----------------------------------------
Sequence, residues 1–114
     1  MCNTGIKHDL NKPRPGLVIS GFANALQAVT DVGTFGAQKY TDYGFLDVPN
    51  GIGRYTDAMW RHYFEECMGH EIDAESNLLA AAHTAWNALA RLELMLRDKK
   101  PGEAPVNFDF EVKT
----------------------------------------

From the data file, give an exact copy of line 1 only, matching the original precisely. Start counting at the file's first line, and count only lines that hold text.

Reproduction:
Sequence, residues 1–114